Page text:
Your brain has learned some pretty sophisticated defense mechanisms over time. When you are accelerating into a high, your brain becomes superconductive at firing off the feel-good synapses. When you are freefalling into a dark period of sadness, your brain is pretty good at shutting parts of itself down so you won’t injure yourself. These hyper-fluid chemical pathways in the brain become well-grooved over time. Feel good? Your brain has fast-reacting circuits to support your renewed energy. Feel sad? Your brain might trigger sleepiness in order to begin a self-correcting process. For me, depression is harder to ferret out. But, depression is the part of the bi-polar spectrum that most requires my attention and self-awareness.
Max Powers – The Blue Period Surrounding Christmas 2018
In the real world, Max suffered some serious emotional blows in 2018. His older brother died of cancer. His young and vibrant girlfriend flipped out at left a few days before the death. She was afraid of the closeness of our relationship and the tension of the dying family member. When discussing the break up a few months later, she said, “It was the six-month milestone. That’s usually when I jump.”
For a few months, Max was able to keep busy with the new dog, the new freelance marketing projects, and getting to the tennis courts as often as possible. But on one November weekend, Max, also a single dad, took his two children to New York City to see a play and hang out. And the trip was filled with love, togetherness, fun, and closeness, that when returning home, and back to the fractional dad role, Max slipped into a moment of despair. He rallied. (SEE: Death Ponies) He rebooted his recovery and health regimens with a vengeance. And yet, Max slipped into a sadness.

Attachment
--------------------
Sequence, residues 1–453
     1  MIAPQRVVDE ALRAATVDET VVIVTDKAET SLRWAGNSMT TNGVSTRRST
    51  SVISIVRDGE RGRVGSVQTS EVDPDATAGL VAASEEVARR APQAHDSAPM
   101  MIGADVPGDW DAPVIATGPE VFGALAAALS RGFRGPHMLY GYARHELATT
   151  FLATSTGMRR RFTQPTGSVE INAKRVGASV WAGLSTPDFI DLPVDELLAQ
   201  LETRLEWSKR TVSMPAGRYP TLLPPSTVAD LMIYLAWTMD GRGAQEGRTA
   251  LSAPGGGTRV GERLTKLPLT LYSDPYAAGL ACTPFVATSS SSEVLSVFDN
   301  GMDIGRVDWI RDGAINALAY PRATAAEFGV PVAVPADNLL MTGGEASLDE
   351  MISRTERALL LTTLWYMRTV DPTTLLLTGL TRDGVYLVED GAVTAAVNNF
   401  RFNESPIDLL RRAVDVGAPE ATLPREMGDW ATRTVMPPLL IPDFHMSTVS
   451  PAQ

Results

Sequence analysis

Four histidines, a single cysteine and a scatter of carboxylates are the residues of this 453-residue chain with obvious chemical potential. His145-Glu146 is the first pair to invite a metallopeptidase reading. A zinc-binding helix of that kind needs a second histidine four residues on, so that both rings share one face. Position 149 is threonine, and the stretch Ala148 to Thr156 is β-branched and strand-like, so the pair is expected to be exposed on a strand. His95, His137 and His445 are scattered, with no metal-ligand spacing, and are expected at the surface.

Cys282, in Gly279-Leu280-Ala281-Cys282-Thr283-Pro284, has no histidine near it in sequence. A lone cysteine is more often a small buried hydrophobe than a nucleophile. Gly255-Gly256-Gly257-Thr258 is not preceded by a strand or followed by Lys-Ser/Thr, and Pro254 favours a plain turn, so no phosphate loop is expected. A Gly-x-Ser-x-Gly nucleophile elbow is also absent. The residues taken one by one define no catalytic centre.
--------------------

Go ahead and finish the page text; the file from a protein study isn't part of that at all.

As Christmas approached, Max knew that things were going to be hard. His two kids were leaving with their mom and would not be around for the holidays. His sister and her two kids were also traveling over Christmas. So Max and his mom would be weathering the dreary Christmas celebrations together.
Max is Alone But Not Out
Here’s what Max did knowing the coming winter months were going to be challenging both emotionally and mentally.
- He met with this therapist each week
- He went to al-anon meetings as a way to not isolate in his sadness
- He called his al-anon sponsor for support
- He played as much tennis as he could arrange – even when he didn’t feel like it
- He walked around the lake (4-miles) when he couldn’t find a tennis partner
- He wrote a gratitude list and three positive action items every morning – then he did the actions